What a Day, and What a Night

Jackie Gingrich Cushman

10/9/2007 10:30:13 AM - Jackie Gingrich Cushman

For almost a year, my husband, Jimmy and I had been counting down to Sept. 29. Last October, Jimmy was asked if we would chair the Atlanta Botanical Garden’s Garden of Eden Ball. Without asking me, he declined, due to our busy family life with two small children.

Later that month, while at Party City (picking up a few Halloween decorations), I ran into the ABG fundraising director. A few days later, Jimmy and I had agreed to chair the ball, honoring Jimmy’s grandfather, Philip H. Alston, Jr.. The ball was to be held Sept. 29, 2007. Remember, persistence often pays off.

A few weeks later, during one of our many conversations regarding the ball, Jimmy noted that “we will be closer or divorced when this is all over.” While this was said with some levity, I took to heart the idea that this would be an opportunity for us to learn to work better together.

Christmas came and went, and early this year, my father, Newt Gingrich, announced that Solutions Day would be held on Sept. 27 and 29. We now had an additional reason to look forward to Sept. 29.

The week before that fateful day began quietly enough due to all the advance preparation for both events. But this rapidly changed when dad announced that a committee would be formed to raise $30 million in pledges, potentially leading to his running for president.

During the week, I began prepping our children, hoping to give them enough ammunition not to be fazed by the thoughtless comments that I knew - from my experience as the daughter of a politician – that some people would say to young children whose relatives are involved in politics.

During one of our late-night talks that week, while we were both sitting on our kitchen counter, Jimmy said he would “support whatever involvement” I thought was best in my father’s endeavor.

Friday Sept. 28 was a whirlwind. It began with a 6-mile run with a friend (for the third day in a row, trying to maintain my sanity). I worked, went to the garden to cheer on the wonderful volunteers during lunch (I did fold a few napkins), returned home, called a radio show for an interview, met the children as they got off the school bus, picked up my ball dress and a T-ball jersey that had a child’s name silkscreened on the back.

Somehow it all worked out – I began to have faith that no matter what was thrown at us, We would attain the goal of simply getting through it one breath at a time – focusing on the present.

The morning of Sept. 29, Dad called around 9 a.m.. We chatted about the probability of raising the pledges and I told him that “I will support you,” and we discussed the fact that “we just have to live it out to see what happens.”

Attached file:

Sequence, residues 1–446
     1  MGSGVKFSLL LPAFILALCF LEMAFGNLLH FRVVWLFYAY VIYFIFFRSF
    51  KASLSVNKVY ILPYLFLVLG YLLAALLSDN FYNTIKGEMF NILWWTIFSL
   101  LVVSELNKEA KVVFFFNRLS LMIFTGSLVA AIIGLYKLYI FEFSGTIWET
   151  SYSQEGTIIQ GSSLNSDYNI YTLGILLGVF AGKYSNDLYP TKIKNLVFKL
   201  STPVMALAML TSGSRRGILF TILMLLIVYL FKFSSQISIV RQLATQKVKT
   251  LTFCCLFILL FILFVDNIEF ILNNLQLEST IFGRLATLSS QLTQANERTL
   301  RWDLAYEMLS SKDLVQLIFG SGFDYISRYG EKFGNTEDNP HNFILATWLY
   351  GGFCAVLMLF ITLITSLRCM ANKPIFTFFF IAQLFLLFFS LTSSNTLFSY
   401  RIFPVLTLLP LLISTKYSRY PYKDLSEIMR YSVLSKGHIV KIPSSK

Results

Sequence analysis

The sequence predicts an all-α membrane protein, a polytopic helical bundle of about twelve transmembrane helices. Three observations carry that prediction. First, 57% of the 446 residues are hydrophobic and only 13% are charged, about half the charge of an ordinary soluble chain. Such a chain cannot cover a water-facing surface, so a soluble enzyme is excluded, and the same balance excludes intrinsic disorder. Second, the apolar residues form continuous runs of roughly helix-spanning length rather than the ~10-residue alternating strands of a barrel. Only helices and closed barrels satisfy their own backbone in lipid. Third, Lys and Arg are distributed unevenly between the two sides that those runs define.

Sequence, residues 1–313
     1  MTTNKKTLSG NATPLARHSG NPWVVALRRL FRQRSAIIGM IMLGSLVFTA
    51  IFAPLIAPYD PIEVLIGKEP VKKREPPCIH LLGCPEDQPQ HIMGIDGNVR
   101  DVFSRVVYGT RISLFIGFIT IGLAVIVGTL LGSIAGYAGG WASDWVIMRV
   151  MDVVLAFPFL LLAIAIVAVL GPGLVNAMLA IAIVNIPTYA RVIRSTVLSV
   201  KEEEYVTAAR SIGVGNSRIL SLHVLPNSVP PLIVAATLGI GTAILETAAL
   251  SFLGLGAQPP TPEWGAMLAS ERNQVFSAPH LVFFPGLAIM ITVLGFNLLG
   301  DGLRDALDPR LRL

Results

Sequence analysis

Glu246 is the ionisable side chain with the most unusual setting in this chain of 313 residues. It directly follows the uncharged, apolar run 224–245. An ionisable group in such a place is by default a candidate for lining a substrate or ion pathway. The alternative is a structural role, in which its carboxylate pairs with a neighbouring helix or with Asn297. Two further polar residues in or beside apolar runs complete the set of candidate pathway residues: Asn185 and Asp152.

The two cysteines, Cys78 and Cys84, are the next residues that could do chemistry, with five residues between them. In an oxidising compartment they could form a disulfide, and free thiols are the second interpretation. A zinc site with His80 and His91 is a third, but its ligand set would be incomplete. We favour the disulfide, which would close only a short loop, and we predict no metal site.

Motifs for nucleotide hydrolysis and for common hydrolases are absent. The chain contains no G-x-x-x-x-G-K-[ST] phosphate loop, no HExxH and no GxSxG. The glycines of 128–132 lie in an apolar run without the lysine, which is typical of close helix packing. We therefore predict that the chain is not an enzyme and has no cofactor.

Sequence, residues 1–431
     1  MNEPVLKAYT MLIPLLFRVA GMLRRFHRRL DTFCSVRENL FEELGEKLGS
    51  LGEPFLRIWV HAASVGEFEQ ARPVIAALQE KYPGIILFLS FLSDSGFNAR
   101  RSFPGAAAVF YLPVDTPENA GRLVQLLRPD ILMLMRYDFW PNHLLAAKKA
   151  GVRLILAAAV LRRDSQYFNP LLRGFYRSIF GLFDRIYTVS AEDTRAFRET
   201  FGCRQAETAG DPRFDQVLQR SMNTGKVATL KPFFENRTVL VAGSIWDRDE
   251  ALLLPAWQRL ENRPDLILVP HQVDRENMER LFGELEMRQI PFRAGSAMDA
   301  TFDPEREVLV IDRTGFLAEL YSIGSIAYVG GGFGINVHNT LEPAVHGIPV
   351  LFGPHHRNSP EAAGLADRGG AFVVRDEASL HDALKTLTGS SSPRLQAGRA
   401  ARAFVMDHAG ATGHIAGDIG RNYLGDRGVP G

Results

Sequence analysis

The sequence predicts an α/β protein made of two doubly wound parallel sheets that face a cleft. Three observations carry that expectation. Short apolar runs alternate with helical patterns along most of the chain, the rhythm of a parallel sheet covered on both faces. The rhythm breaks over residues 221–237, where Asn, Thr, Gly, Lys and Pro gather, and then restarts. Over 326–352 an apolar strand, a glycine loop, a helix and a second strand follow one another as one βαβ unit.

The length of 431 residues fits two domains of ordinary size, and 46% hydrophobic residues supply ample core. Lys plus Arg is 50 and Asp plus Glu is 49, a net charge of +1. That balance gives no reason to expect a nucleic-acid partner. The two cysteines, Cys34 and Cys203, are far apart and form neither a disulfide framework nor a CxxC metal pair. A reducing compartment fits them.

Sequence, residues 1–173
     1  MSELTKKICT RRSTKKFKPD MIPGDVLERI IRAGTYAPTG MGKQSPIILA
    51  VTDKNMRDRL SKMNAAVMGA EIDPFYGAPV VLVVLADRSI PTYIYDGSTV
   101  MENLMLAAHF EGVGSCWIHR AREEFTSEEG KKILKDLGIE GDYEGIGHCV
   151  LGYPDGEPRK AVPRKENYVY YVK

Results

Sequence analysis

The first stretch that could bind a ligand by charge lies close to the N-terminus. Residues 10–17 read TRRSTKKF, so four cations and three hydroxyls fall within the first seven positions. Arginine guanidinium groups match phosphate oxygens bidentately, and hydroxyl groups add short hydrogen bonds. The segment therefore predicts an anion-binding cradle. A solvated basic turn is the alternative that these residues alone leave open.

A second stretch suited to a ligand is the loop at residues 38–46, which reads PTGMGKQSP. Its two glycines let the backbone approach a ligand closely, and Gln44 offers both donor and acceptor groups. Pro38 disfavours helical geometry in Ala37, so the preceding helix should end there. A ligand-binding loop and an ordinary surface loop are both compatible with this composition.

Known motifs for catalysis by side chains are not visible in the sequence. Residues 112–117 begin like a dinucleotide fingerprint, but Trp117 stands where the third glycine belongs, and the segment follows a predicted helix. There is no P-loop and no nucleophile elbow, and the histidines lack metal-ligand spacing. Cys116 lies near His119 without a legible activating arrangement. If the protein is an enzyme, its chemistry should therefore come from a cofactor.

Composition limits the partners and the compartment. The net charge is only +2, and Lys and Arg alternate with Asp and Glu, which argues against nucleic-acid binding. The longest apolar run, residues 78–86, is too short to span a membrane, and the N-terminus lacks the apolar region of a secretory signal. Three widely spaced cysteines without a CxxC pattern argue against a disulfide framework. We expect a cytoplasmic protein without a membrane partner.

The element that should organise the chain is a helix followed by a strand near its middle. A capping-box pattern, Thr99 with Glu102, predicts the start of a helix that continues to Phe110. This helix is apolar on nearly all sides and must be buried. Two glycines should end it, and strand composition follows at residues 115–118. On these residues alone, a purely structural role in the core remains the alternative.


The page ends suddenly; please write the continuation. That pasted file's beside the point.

Our family stopped by Suntrust on the way to the garden for lunch. There, I ran into a friend who offered a pledge and her time to assist during dad’s testing the waters. But when I returned to the car, I had a voice mail from dad. When I called him back, he told me that, due to legal reasons, he was going halt testing the waters, and continue as chairman of American Solutions. Again, I let him know that I would support him.

Saturday evening, Jimmy and I greeted over 400 guests as they arrived for the ball. Once the guests were seated, Jimmy delivered the opening remarks, reminding us why we were all there; not only to have fun and contribute to a very worthy cause, but to honor his grandfather, Philip Alston, Jr, who had helped start the Gardens 26 years ago.

Jimmy recalled the two adages that his grandfather lived by, “nothing is impossible,” and “no man is an island.” They guided his grandfather’s life and helped create the legacy of the Garden.

“Nothing is impossible,” when we work together, we can accomplish what appear to be miracles. Only through listening and including others can we really begin to work together.

No man is an island. As much as we may try to get everything done by ourselves, our own way, it simply is not possible. We have to include and inspire others to get things accomplished with their help. We need to listen when we do not want to, especially when people do not agree with us, learning in the process and helping one another to move forward together.

Saturday night ended as I had hoped it would nearly a year before, when we had agreed to be involved. The band played for hours, with my sister, Kathy, and I dancing to our favorite songs, and at the end of the night, Jimmy and I walked out of the door hand in hand and returned home to our children, closer for having worked together on this event.

And what I remember from this day is, “nothing is impossible” and “no man is an island.”